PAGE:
ExA were recently appointed as part of a team led by Scott Brownrigg, and together with Karu NZ and Arup working to develop a Sustainable Tourism Development Masterplan for Ngongotahā Station in Rotorua, New Zealand. Last week Kate from our London Office spent a day visiting Rotorua and Ngongotahā with Neil MacOmish from Scott Brownrigg and Francis Pauwels from Karu NZ soaking up the atmosphere in one of New Zealand’s most diverse and culturally rich tourism hot spots, and learning about the future of tourism in Rotorua and the consequent development opportunities this project presents.
Rotorua is a city set on the shores of Lake Rotorua; the North Island’s second largest lake; in the Bay of Plenty Region of New Zealand’s North Island. ‘Rotorua’ is Maori, translating as Lake (Roto) Two (Rua). There is a total of 17 lakes in the Rotorua region, which are very popular for recreational activities including boating, fishing and watersports. Rotorua is an exceptionally active area within the Taupo Volcanic Zone, a geothermal field extending from the Bay of Plenty Coast to beyond Mt. Ruapehu. The city has several geothermal features right on its doorstep which attract huge visitor numbers, including volcanic crater lakes, bubbling hot mud pools, colourful sinter terraces, spouting geysers and swimmable hot springs. Rotorua is also well known for its authentic and accessible experiences of Maori culture. The Te Arawa Maori have been sharing their culture, language, history, art and music with visitors to the region for over 150 years.
Tourism is an important sector of the New Zealand economy, with spending by international tourists accounting for 17% of New Zealand’s annual export earnings. International visitor numbers are on the rise, with a 61% increase in visitors from the U.K. since 2000, and more recently a notable increase in Chinese visitor numbers, at an annual average rate of 18% since 2012.
One of the key dangers of this trend and a concern for New Zealanders is the environmental impact of this increase; in particular; the capacity of existing infrastructure and management systems to support increasing numbers of visitors to natural areas. A further concern, which is particularly apparent in Rotorua, is an increasing presence of private tour companies who offer a potentially compromised tourism experience of New Zealand for a cheaper rate, undercutting many local businesses, yet still contributing to the collective environmental ‘footprint’ left by international visitors.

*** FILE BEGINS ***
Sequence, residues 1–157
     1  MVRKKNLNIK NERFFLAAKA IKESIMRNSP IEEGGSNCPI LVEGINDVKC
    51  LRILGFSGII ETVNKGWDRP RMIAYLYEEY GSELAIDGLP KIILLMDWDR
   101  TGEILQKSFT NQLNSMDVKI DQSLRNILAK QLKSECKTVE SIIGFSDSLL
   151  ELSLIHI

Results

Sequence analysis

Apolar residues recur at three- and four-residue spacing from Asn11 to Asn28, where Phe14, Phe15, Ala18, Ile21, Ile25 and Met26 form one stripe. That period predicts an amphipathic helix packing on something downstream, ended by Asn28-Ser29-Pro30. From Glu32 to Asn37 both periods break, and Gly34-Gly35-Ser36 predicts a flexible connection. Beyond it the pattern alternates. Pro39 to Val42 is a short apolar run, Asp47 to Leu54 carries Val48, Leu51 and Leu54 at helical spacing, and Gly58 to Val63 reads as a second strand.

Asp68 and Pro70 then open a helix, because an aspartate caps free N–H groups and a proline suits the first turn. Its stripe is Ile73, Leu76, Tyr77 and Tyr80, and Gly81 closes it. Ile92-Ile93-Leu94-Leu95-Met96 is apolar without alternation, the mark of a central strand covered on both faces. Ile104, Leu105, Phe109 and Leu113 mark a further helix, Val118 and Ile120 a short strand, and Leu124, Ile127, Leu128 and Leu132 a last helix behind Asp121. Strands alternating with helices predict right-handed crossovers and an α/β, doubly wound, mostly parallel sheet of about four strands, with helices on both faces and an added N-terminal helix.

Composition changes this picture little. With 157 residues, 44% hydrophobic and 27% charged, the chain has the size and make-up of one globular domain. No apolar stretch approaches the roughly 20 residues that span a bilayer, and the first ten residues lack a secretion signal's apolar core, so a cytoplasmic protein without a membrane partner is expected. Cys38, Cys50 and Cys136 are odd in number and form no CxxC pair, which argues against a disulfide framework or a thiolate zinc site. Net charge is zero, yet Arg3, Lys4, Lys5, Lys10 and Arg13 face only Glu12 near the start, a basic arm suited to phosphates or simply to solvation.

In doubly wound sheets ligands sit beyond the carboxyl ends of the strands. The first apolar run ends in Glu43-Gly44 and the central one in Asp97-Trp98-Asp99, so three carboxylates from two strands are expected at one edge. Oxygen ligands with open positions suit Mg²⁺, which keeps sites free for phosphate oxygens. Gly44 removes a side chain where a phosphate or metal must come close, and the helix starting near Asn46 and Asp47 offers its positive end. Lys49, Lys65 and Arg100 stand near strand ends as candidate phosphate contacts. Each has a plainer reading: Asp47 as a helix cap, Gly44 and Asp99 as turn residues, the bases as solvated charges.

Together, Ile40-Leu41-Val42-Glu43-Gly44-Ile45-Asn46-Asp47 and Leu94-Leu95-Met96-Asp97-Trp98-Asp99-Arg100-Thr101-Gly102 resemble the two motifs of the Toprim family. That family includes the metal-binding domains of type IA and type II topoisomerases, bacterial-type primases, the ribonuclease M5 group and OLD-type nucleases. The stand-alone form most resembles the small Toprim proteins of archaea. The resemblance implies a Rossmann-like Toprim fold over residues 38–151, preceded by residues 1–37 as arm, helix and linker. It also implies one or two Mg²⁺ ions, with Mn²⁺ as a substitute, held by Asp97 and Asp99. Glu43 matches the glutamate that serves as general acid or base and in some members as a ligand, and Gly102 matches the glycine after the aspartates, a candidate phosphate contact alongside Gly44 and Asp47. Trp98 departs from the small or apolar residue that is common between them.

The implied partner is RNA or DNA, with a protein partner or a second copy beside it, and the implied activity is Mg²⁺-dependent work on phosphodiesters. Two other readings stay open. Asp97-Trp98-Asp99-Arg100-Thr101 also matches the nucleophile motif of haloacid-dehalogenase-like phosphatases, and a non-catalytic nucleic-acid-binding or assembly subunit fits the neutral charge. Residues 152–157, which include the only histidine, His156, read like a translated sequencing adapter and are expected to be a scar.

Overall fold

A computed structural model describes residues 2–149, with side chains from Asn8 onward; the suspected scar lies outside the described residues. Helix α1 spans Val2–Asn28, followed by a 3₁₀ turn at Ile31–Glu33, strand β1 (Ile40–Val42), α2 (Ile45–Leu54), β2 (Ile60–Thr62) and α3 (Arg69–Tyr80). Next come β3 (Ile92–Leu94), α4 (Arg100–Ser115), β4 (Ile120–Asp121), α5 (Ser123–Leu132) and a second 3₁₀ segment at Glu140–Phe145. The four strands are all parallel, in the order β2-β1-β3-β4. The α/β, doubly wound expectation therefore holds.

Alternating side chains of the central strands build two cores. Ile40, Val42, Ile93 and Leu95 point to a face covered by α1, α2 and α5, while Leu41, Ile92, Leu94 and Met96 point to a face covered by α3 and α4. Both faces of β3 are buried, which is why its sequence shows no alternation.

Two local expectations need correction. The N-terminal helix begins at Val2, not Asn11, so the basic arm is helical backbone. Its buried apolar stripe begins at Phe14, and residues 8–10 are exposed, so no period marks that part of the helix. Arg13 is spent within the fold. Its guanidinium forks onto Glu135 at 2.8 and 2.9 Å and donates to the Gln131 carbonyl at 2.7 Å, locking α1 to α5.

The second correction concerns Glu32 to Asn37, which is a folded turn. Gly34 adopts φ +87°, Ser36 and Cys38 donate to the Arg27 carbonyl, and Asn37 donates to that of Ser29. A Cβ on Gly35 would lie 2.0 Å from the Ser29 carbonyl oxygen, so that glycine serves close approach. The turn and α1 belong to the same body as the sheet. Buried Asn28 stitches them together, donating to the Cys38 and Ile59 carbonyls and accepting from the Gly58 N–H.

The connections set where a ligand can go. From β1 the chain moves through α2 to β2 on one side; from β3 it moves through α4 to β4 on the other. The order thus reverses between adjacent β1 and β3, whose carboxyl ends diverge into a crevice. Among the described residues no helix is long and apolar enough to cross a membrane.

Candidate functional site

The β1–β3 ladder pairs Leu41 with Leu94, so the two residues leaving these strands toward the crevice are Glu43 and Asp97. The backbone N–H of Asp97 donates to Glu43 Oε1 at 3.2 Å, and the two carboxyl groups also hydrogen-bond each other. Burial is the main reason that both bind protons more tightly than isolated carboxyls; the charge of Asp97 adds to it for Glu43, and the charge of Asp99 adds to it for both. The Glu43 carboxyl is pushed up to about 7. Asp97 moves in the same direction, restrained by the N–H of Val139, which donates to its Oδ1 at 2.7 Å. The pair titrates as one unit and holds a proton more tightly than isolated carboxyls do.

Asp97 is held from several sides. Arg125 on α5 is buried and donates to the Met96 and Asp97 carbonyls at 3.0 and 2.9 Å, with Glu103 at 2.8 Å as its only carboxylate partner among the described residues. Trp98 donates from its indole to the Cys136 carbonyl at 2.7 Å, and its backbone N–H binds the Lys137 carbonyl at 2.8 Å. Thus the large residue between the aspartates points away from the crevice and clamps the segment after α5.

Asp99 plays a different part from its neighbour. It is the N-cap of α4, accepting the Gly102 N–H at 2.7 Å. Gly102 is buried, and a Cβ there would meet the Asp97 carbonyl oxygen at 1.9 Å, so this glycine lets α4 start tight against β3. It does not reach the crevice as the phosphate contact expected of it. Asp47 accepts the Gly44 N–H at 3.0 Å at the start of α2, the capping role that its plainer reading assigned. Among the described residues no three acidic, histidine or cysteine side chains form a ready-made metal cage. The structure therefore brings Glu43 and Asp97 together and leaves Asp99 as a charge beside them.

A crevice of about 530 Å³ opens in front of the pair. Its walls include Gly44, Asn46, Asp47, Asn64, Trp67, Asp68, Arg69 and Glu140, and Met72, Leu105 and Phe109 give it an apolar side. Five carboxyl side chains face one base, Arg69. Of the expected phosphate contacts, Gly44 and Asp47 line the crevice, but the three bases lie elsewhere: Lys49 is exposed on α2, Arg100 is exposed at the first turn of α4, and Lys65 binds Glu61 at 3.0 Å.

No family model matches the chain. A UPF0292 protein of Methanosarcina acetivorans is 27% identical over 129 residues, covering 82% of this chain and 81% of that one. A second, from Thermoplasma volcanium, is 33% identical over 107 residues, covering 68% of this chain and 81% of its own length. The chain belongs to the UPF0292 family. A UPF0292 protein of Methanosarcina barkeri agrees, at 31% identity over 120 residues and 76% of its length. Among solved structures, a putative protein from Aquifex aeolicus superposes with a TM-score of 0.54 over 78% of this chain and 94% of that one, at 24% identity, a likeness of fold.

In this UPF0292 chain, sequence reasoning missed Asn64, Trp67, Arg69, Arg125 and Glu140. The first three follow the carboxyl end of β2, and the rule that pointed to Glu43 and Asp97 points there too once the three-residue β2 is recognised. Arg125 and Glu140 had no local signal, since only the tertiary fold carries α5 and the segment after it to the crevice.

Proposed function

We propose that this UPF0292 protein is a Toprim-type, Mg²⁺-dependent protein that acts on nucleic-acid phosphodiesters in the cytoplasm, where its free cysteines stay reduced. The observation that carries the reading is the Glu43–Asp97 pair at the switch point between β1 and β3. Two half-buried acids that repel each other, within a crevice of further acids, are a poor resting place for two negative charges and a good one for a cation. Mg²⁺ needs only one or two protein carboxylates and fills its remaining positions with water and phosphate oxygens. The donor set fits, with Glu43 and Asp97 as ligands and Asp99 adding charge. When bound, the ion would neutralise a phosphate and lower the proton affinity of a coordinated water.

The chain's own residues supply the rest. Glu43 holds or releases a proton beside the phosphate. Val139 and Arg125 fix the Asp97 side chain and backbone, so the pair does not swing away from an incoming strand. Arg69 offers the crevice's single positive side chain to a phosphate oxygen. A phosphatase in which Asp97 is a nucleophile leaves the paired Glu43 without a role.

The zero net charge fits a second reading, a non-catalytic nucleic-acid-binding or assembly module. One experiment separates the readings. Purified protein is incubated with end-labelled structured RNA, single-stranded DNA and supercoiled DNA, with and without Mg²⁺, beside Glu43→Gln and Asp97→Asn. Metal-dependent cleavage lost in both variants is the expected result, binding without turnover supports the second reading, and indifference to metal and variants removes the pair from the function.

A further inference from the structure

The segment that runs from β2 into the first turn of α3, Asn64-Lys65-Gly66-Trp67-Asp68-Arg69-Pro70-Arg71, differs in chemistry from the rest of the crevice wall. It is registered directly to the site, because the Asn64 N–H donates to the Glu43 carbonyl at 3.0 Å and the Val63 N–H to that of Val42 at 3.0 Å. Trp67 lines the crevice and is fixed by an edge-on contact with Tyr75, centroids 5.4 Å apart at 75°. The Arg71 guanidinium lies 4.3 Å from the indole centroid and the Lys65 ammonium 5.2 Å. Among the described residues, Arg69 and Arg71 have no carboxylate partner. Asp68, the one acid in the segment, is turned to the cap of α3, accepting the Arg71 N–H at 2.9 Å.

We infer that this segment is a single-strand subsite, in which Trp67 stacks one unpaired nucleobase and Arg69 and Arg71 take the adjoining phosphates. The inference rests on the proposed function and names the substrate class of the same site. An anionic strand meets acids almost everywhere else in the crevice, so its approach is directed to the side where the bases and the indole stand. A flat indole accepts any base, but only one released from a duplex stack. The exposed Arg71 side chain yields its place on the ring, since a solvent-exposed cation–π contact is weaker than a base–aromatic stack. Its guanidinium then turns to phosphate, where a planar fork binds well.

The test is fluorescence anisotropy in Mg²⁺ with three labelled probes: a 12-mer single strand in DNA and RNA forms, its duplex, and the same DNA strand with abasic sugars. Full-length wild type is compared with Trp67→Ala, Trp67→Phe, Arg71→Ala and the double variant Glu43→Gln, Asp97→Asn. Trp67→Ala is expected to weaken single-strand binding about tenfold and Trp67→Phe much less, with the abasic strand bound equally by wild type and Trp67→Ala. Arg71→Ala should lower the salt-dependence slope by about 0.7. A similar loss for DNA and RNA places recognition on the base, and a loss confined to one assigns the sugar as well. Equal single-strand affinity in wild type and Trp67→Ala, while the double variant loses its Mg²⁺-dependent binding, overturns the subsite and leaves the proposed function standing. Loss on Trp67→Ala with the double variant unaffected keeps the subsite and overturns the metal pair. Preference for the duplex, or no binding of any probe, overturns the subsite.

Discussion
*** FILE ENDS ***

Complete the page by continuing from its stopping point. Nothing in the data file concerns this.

Rotorua is the third most visited tourism destination in New Zealand and is one of the most diverse and accessible. The range of tourism experiences on offer are exceptionally innovative and wide ranging; from adventure sports to natural or cultural experiences to everything in between. There is something to appeal to every visitor, domestic and international alike, all ages and throughout the seasons.
Ngongotahā Station is located on SH5, the northern gateway to Rotorua city. It is set amongst many of Rotorua’s most popular hot spots, including OGO Rotorua (World’s largest downhill park) and Wingspan (National Bird of Prey Centre) which are on the Station itself. The Station’s neighbours include Mitai Maori Village, Rainbow Springs Nature Park, Velocity Valley, Agrodome and Skyline Rotorua to name just a few…
The key challenge of this project will be considering how the masterplan response works with Rotorua’s long-term tourism strategy. The solution needs to complement the existing world-class experiences on offer, and add value to the overall appeal of Rotorua. The project presents an opportunity to establish Ngongotahā Station as a global tourism destination through a contextually rich, experiential, sustainable, and visionary design response that isn't being offered elsewhere in New Zealand or potentially the world...
We are looking forward to getting stuck in!